Writer-director Lonergan's 2000 debut You Can Count On Me, a low-budget indie drama about the fractious relationship between adult siblings was a revelation and one of the best films of its genre and year.
His follow-up has been a long time coming: it was shot seven years ago with a dream cast (small roles are taken by Kieran Culkin and Matthew Broderick) and heavyweight producers (two of whom, Anthony Minghella and Sydney Pollack, died in 2008).
But it became mired in legal suits and counter-suits, mainly because Lonergan wanted a three-hour cut and the studio wanted a two-hour one.
The result, which splits the difference, is not the version Martin Scorsese hailed as a masterpiece in 2006, though since Scorsese was instrumental in finessing the eventual (and commercially catastrophic) release, he was presumably happy with the finished product.
It's hard to share that unbridled enthusiasm: Margaret is too long, by at least half an hour, in part because it has one too many subplots and - to compare it to a fugue - it revisits its principal subject too often, to too little effect.
But that's not to say the film is without interest, even a tragic grandeur. Its central character, played by Paquin, is a privileged Upper West Side teenager named Lisa Cohen (the title's Margaret refers to Gerard Manley Hopkins' 1880 poem Spring and Fall, which it is useful to read before or after going).
A high-school student in a Manhattan over which the shadow of 9/11 still stretches, Lisa wrestles with teen angst; classmates she looks down on; a neurotic actress mother (Smith-Cameron, Lonergan's wife) who's dating again (Reno plays an achingly sincere suitor); and a distant father (Lonergan himself), who's a screenwriter in Hollywood.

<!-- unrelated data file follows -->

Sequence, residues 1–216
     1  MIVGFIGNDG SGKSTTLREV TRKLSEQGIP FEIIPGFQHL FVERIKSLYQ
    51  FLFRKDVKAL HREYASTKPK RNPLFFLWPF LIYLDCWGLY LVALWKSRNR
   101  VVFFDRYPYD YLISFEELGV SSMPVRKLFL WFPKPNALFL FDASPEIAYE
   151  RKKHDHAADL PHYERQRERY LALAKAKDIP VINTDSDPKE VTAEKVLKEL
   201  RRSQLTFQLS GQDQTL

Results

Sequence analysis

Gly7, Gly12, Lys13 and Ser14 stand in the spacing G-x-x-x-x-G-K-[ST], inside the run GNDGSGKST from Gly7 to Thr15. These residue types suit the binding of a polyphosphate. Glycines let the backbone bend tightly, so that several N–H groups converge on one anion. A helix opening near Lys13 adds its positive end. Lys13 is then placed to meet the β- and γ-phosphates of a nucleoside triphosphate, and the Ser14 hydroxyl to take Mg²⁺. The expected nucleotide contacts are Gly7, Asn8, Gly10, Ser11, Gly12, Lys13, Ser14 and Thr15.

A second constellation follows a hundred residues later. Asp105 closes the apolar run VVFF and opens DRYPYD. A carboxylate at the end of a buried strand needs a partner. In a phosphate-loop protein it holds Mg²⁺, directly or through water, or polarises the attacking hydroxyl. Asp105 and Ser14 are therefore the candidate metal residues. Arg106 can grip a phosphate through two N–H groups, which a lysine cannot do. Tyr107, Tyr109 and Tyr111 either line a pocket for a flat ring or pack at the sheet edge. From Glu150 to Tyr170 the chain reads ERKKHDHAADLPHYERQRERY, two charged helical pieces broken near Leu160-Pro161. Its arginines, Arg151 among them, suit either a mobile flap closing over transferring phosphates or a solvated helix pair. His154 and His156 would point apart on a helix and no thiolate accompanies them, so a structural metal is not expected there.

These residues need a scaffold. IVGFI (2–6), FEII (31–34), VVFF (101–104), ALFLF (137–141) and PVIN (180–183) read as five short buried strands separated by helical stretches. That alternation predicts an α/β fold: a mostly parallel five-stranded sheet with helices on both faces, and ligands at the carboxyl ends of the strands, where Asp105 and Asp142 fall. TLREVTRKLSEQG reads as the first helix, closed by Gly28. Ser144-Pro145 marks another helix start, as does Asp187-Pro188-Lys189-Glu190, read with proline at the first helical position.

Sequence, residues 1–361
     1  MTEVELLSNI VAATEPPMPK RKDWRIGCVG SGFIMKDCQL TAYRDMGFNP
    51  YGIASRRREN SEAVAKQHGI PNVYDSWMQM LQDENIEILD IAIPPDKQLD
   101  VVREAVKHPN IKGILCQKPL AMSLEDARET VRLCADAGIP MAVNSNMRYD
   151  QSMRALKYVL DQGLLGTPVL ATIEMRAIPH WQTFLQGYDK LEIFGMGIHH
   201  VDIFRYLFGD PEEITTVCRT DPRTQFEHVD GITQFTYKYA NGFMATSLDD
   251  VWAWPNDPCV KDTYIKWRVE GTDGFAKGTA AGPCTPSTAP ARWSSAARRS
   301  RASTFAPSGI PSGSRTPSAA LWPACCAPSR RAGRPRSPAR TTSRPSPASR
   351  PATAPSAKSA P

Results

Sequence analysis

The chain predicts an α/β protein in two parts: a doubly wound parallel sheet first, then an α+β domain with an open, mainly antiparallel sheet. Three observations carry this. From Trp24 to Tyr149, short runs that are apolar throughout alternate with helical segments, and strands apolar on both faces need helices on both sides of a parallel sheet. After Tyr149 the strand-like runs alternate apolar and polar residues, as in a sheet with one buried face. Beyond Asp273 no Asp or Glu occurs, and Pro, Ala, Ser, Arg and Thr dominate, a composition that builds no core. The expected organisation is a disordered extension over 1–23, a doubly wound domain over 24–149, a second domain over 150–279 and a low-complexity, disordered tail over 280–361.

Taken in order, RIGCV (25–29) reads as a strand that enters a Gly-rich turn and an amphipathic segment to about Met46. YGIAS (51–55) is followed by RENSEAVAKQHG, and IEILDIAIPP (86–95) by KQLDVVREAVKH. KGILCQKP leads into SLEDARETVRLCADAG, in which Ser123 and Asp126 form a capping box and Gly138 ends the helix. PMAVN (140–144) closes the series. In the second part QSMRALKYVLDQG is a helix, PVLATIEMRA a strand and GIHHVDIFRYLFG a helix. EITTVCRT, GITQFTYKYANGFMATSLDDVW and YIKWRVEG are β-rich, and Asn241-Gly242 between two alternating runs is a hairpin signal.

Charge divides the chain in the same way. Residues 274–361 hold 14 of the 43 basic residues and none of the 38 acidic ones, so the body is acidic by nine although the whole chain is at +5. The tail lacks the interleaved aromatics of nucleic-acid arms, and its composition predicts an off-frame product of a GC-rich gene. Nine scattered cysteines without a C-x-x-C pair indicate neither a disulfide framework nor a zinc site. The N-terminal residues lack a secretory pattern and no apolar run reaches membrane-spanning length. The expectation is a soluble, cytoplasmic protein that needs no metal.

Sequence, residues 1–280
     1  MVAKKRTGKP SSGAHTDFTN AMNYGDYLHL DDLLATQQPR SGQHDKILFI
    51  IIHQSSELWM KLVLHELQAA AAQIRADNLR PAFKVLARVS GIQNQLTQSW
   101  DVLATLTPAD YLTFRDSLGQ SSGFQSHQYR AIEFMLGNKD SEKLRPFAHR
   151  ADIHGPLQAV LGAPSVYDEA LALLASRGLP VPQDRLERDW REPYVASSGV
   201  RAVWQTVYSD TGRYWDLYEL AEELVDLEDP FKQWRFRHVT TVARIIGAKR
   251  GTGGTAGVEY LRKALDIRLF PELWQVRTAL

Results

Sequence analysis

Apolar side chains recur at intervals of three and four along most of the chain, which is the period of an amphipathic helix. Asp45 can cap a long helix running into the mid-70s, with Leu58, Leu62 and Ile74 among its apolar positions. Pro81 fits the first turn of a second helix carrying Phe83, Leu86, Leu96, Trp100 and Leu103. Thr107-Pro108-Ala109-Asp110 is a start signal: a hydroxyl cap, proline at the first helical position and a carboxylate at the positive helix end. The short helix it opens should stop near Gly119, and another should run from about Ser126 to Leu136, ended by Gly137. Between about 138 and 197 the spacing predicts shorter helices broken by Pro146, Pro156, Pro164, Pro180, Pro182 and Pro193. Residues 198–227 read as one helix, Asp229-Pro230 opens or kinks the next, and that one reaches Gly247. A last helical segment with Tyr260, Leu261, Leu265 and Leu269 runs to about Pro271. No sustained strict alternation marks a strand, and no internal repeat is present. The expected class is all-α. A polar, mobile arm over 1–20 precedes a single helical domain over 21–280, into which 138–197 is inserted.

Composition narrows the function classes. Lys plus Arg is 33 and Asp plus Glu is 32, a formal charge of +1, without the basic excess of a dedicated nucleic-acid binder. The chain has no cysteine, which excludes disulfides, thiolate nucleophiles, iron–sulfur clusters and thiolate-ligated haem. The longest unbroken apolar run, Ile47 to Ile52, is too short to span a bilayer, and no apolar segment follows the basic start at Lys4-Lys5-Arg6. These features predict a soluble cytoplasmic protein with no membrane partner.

When she inadvertently contributes to a dreadful bus accident, she lies to the cops to protect the driver (Ruffalo). But stricken by guilt which she interprets as ethical resoluteness, she spends the rest of the movie trying to make him pay.
As a portrait of a youngster trying to make sense of her moral universe, the film achieves an impressive degree of complexity and nuance, and Paquin's ferociously intense performance is always persuasive.
But it's a struggle spending so long in the company of such an unlikeable protagonist, who oscillates between shrill and whiney.
And the last 20 minutes, as she becomes more desperate for a goal receding further with every minute, are probably more painful than they were meant to be.
Cast: Anna Paquin, Mark Ruffalo, Matt Damon, Kenneth Lonergan
Director: Kenneth Lonergan
Rating: R16 (drug use, sex scenes, offensive language and content that may disturb).
Running time: 150 mins.
Verdict: Too long and shrill but Paquin is great.